United States District Court, D. Maine
ORDER ON DEFENDANT'S MOTION FOR SUMMARY
Torresen United States Chief District Judge.
Justin Angelo, an Officer of the Old Town Police Department,
brings this negligence action against Campus Crest at Orono,
LLC (“Campus Crest”), for
injuries he sustained responding to a call for assistance at
an apartment complex owned by Campus Crest. The case is
properly in federal court on diversity jurisdiction after
being removed from Maine Superior Court by the Defendant. 28
U.S.C. §§ 1332, 1441. Before me is Campus
Crest's motion for summary judgment pursuant to Federal
Rule of Civil Procedure 56. (ECF No. 69
(“Def.'s Mot.”).). The
issues are 1) whether, on this record, Campus Crest owed
Officer Angelo a duty; 2) whether Campus Crest caused Officer
Angelo's injuries; and 3) whether the Professional
Rescuer's Rule (or related public policy concerns) bars
the Plaintiff's suit. For the reasons stated below, the
motion is DENIED.
facts are mostly undisputed; this account is drawn primarily
from them.Additional facts are taken from the record
as necessary. Fed.R.Civ.P. 56(c)(3). Disputed facts that are
properly supported are taken in the light most favorable to
the non-movant. Where a fact has been fairly qualified and
the qualification is supported by a record citation, I use
the fact as qualified. To the extent that an objection has
been made to a fact that I rely on, I have overruled that
Parties at The Grove
Crest rents apartments to tenants including college students
at a complex known as The Grove. Answer ¶ 7 (ECF No.
28). Campus Crest has advertised that there are no rules for
its tenants at The Grove. SMF ¶ 22. When The Grove first
opened, the Defendant advertised that there were “no
hot dog police patrols.” SMF ¶ 23. New tenants at
The Grove are given red Solo cups, which are commonly used in
drinking games. SMF ¶ 25. After The Grove opened in
2012, there were large gatherings there that required a
police response to disperse. SMF ¶ 26.
Grove is fenced and gated, but the entrance gate has rarely
functioned to keep non-tenants out of the property,
facilitating the entry of large crowds SMF ¶¶
27-28. The Orono Police Department repeatedly spoke with The
Grove's management about repairing the gate in order to deal
with the crowds. SMF ¶ 29. In 2012, the Orono Police
Department warned The Grove that because it was creating an
environment in which these large gatherings were taking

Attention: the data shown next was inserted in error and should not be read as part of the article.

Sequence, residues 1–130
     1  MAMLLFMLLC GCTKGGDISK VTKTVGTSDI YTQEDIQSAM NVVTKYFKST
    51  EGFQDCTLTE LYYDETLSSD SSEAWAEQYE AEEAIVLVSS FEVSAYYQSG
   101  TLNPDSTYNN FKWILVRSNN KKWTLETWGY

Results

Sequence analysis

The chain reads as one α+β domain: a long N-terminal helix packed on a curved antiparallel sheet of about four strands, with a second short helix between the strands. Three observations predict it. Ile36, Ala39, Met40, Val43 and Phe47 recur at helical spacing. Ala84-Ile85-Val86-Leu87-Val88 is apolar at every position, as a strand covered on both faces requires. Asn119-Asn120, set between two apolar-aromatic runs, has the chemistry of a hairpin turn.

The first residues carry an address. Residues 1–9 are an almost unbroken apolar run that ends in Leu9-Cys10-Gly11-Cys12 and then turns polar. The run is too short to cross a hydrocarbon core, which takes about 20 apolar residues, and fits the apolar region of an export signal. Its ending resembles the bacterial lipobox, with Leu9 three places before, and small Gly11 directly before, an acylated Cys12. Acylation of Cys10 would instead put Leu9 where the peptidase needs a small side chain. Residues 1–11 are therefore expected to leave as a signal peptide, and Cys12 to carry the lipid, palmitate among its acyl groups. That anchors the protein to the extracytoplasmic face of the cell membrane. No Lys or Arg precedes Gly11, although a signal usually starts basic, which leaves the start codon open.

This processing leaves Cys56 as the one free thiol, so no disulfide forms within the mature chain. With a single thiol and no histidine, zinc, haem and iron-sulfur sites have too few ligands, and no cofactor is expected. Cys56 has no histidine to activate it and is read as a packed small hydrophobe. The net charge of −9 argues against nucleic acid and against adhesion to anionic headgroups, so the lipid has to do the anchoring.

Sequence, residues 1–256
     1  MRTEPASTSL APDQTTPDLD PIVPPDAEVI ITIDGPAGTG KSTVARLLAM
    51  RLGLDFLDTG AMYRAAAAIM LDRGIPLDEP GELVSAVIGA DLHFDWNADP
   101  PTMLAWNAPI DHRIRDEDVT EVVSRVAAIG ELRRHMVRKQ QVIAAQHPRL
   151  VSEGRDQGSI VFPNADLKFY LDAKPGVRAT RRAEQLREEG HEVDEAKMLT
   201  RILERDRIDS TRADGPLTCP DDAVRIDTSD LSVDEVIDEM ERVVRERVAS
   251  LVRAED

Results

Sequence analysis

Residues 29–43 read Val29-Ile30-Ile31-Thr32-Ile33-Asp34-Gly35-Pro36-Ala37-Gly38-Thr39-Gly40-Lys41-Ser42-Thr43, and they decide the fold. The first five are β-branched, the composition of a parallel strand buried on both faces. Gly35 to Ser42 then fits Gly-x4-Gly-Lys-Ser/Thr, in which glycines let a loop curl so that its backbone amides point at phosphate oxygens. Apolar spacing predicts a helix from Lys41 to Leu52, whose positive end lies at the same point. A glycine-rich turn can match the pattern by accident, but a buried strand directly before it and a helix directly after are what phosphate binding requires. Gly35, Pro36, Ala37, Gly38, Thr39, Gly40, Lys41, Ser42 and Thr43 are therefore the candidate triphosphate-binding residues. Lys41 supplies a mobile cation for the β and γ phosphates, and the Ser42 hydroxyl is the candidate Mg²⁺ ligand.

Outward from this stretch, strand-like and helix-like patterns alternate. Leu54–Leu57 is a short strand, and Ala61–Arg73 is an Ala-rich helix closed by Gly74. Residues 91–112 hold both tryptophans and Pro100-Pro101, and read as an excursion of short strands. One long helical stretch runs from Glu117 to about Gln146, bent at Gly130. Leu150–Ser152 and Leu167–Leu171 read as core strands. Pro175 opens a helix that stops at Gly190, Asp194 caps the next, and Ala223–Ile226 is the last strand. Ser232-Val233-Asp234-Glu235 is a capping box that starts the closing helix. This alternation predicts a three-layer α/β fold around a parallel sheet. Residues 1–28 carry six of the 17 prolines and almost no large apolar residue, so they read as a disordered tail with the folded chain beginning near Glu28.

place, the police would begin billing The Grove for instances
in which multiple police agencies had to respond to a
gathering. SMF ¶ 30.
2013, prior to the start of the 2013-2014 academic year at
the University of Maine, the Orono Police Department
suggested to The Grove that police be detailed to the
premises to enforce alcohol-related laws and to act as a
visible presence, in order to deter future large gatherings.
SMF ¶ 31. The Grove agreed, and police details were put
in place for the first few weekends of the school year. SMF
¶¶ 32-33. That fall, there were no problems at The
Grove requiring a large police response. SMF ¶ 35.
During the summer of 2014, Chief Ewing of the Orono Police
Department emailed The Grove about arranging police details
for the first few weekends of the 2014-2015 academic year,
but he did not receive a response. SMF ¶ 36. Chief Ewing
was told by The Grove that because fall 2013 had gone
smoothly, The Grove did not think it was necessary to have
police details in the fall of 2014. SMF ¶ 37. Chief
Ewing argued that there were no problems in 2013
because of the police details, but The Grove said it
did not see the need to continue the details. SMF ¶ 38.
The Night of September 6th and 7th,
Crest did not arrange for a police detail at The Grove for
the night of Saturday, September 6. SMF ¶ 39. The Orono
Police Department nevertheless assigned two officers to foot
patrol duty at The Grove starting around 8:00 p.m. that
night. SMF ¶¶ 3, 40. The decision to assign two
officers to The Grove was on the initiative of the Police
Department, independent of any arrangement with Campus Crest.
SMF ¶ 41. The officers were there to write summonses for
alcohol violations and to be a “visible uniformed